It's been common knowledge that Uber was aiming to bring self-driving cars into it's fleet, but this week news broke that the company will start offering sel...

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Since 2015, journalists have noted that Uber was working on its own self-driving car projects, but no one had a sense of just when the technology would be brought to market, and no one guessed it would be this fast.

Today the company announced that self-driving cars would be in use for rides as early as this month. The experimental program will roll out in Pittsburgh (home of the Carnegie Mellon engineers who have provided a backbone for the initiative). Each self-driving car will be manned by an engineer who can step in to drive as needed as well as an observer to take notes. These rides will be free for passengers.

To help usher them into the autonomous era, Uber also announced the acquisition of Otto, a company that is notably led by former Google engineers who appeared to be disgruntled by the slow pace of Google’s self-driving car project. Otto builds technology that allows current cars and trucks to be converted to autonomous vehicles.

To round out its slew of news, Uber also announced a partnership with Volvo, through which companies will invest evenly in a $300 million dollar fund to bring a self-driving SUV to market by 2021.

Uber’s news was so big and dramatic that it overshadowed some big related announcements from Ford, who announced that it had acquired a machine learning company and was working with Baidu to invest $150m into LiDAR sensors in the goal of bringing a self-driving car to market, also by 2021.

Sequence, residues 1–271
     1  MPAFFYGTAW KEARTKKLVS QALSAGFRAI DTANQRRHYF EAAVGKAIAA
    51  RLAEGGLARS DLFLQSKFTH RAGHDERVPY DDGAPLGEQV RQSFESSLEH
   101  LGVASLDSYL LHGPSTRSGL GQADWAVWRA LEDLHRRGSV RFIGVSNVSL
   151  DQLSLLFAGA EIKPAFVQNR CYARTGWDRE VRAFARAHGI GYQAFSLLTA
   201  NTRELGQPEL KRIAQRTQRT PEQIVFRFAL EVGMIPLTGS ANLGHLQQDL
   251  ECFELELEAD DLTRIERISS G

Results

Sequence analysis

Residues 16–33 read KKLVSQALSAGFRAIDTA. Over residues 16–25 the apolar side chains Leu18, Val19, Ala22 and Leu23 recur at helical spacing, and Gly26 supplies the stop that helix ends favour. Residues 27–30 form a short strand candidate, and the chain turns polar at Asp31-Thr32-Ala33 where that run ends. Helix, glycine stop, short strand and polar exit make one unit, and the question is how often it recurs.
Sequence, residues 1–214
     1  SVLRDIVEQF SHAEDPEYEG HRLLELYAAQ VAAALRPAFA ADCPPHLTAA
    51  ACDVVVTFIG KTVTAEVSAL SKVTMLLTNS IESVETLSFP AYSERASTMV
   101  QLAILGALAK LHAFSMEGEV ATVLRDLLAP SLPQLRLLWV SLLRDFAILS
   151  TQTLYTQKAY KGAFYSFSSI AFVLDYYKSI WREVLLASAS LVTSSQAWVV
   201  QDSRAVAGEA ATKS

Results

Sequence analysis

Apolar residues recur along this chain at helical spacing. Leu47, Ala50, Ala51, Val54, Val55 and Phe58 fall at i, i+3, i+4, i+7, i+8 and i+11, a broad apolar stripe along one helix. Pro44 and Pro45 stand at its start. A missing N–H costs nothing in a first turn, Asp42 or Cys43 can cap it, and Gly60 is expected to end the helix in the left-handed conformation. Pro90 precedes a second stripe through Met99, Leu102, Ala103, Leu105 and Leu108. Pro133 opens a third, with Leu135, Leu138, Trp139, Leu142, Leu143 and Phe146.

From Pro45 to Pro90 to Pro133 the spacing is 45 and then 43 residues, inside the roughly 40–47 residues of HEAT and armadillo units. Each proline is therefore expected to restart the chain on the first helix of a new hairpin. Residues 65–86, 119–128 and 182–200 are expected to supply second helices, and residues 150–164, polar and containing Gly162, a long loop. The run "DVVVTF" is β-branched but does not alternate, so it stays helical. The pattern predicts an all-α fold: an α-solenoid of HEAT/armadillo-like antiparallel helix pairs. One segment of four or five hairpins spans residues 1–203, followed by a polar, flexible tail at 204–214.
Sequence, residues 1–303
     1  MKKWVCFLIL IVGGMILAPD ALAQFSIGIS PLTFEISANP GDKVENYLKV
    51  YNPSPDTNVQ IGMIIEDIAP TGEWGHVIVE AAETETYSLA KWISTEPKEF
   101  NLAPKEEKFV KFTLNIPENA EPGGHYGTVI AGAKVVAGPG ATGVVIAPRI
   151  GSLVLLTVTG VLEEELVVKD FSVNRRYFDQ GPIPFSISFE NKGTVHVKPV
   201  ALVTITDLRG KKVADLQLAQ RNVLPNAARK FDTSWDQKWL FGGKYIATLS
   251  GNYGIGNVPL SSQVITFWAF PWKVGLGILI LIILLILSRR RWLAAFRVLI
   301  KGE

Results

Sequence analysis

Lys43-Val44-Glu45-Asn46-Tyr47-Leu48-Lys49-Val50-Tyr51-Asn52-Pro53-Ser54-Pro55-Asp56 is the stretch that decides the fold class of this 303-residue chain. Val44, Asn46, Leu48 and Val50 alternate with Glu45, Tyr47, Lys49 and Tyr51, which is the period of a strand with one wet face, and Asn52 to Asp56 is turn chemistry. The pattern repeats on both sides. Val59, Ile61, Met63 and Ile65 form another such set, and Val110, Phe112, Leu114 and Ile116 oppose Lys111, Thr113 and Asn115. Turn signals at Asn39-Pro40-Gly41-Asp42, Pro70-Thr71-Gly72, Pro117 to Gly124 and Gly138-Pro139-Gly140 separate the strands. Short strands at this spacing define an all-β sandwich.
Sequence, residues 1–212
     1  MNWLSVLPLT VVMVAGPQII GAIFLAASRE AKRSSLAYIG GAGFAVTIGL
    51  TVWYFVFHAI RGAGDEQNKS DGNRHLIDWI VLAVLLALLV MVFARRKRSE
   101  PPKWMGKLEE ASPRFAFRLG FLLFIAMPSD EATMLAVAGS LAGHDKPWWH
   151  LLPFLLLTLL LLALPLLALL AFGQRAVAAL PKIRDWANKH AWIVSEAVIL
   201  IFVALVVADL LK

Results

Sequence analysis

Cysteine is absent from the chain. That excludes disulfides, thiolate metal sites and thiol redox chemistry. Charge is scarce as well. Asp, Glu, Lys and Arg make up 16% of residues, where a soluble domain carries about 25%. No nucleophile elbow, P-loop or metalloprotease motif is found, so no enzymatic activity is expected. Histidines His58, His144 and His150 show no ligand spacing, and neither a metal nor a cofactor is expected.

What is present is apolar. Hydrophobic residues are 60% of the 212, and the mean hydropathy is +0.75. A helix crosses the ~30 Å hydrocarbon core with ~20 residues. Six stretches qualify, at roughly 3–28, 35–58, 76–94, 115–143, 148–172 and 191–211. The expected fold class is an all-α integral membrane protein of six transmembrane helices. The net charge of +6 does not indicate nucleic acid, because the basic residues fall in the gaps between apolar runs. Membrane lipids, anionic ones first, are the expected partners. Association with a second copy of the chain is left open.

So, basically holy shit.

Anyway, there are big implications for all of this across the market, but given where we sit, the most interesting question is what it might mean for marketers.

Brands and agencies are already looking closely at cars as one of the next big geo-mobile platforms. Companies like Pandora are selling advertising units specifically for auto and internet-of-things companies like Nest are developing integrations for today’s vehicles.

The fully autonomous car era offers something entirely different.

One of the biggest implications for self-driving cars is that all of the time people spend communicating and traveling becomes open for content consumption. Imagine being able to recommend both entertainment content and the advertising to go with it in the context of knowing someone’s precise location and destination?

There are other barely explored implications that relate to what will inevitably be the reduced cost of autonomous driving. In the long run, self-driving technology (not to mention electric vehicles) will make car ownership largely economically irrational. It may be worth it for brands to actually pay for certain categories of rides in exchange for consumer information, social media content, or other measures of attention.

Maybe the most important take away from this week’s announcements is that the speed with which autonomous driving is becoming real, and the speed with which brands and society as a whole have to deal with the implications -- is much faster than it seemed.